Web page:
Will you still love Bruce Springsteen, will you still need him, when he's 65? Because he is, as of today -- happy birthday to the Boss of all bosses. Indeed, that sound you probably heard today was a giant pit forming in the stomach of several million similarly aging non-cop Baby Boomers at this news, but to paraphrase Maurice Chevalier, turning 65 isn't so bad when you consider the alternative. At least he'll be collecting Social Security if the music thing doesn't work out for him.
For the rest of this week, you'll have to consider the alternative to the far-left agitprop that's usually occupying this space. I'm off to Chicago, where I'm making one last attempt to figure out this online journalism thing. I'll be back to bug you again on Sunday. Until then, use the space below to comment on the Great Issues of our time. Will President Obama come up with another terrorist group that we've never heard of during the next five days to drop bombs on? (Probably). Does Pennsylvania need to extend its hate-crimes law to include the LGBT community? (Based on what we've seen these last two weeks, you'd have to say yes.) Will you miss the Phillies?...did you even know they were still playing? (Yes, sort of, I guess.)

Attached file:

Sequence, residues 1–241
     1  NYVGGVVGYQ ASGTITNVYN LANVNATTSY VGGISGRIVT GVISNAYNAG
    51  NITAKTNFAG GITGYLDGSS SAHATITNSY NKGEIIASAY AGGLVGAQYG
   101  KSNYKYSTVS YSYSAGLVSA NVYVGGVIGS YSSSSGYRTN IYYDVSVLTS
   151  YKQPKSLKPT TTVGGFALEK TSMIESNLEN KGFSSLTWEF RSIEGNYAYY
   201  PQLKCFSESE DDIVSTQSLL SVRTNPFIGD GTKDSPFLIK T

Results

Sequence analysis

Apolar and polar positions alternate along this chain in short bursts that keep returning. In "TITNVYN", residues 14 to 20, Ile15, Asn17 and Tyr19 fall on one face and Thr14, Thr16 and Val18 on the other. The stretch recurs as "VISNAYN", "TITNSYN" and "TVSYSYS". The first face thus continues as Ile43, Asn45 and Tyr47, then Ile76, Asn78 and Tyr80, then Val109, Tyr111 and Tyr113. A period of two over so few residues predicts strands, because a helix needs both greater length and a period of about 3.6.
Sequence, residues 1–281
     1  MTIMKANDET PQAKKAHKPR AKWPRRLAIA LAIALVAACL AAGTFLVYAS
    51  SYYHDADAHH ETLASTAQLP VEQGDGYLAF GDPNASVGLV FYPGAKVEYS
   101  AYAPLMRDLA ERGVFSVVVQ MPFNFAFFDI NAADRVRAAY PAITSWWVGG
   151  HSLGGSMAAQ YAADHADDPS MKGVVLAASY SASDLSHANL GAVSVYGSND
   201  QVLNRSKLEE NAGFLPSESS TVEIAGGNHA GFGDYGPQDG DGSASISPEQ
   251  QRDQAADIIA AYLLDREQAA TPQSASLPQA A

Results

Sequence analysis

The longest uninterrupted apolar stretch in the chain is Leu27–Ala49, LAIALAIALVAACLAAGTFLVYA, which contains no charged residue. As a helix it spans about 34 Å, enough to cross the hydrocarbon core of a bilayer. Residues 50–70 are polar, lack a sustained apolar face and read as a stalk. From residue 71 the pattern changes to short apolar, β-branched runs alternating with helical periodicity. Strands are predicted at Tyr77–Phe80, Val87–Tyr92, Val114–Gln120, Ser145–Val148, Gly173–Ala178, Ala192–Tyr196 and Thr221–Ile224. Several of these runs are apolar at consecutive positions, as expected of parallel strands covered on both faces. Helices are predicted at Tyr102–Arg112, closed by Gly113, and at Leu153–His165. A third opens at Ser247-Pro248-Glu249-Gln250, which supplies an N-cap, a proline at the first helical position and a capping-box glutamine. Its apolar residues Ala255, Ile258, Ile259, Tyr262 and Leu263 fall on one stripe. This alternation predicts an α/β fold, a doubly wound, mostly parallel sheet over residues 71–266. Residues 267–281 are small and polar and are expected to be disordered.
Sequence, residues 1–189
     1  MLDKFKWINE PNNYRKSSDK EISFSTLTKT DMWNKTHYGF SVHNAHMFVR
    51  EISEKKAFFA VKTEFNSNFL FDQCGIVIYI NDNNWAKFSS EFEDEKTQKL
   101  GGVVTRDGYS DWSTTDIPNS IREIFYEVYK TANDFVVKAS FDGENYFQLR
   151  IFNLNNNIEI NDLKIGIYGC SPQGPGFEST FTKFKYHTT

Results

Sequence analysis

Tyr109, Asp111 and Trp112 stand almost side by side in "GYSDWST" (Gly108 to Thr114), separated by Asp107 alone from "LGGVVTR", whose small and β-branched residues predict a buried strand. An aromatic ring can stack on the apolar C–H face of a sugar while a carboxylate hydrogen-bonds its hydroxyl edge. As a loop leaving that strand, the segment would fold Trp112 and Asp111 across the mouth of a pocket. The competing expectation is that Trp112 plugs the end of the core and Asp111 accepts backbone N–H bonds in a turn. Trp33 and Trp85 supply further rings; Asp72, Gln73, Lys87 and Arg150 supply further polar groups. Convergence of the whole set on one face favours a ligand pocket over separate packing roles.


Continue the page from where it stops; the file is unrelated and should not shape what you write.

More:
Have a great week.
My former Daily News colleague Marisol Bello, now with USA Today, bravely tells the powerful story of what happened when her biological father beat her with a switch, when she was just 3. I could not agree with the headline more. There is no place in modern society for using violence as a tool for disciplining children...period. And I believe our failure to live up to that is a reason -- not the only reason, but a reason -- whu we continue to live in such a violent world.
I've been reading -- in super slow-motion, a few subway stops every night -- Rick Perlstein's long and majestic The Invisible Bridge, explaining how we went so quickly from the fall of Nixon to the rise of Reagan in the mid-1970s. Perlstein is a master at showing how seemingly isolated events reveal a broader social consciousness -- for example, how the unrelenting double-whammy of Vietnam and Watergate caused Americans to turn to nostalgia (American Graffiti, "Grease," even the ragtime-y Shakey's Pizza) and the supernatural (Uri Geller, UFO fascination) to find any kind of liberation from the fierce awfulness of then.
Forty years later, and where are we? Right back where we started from. The center is not holding. Again.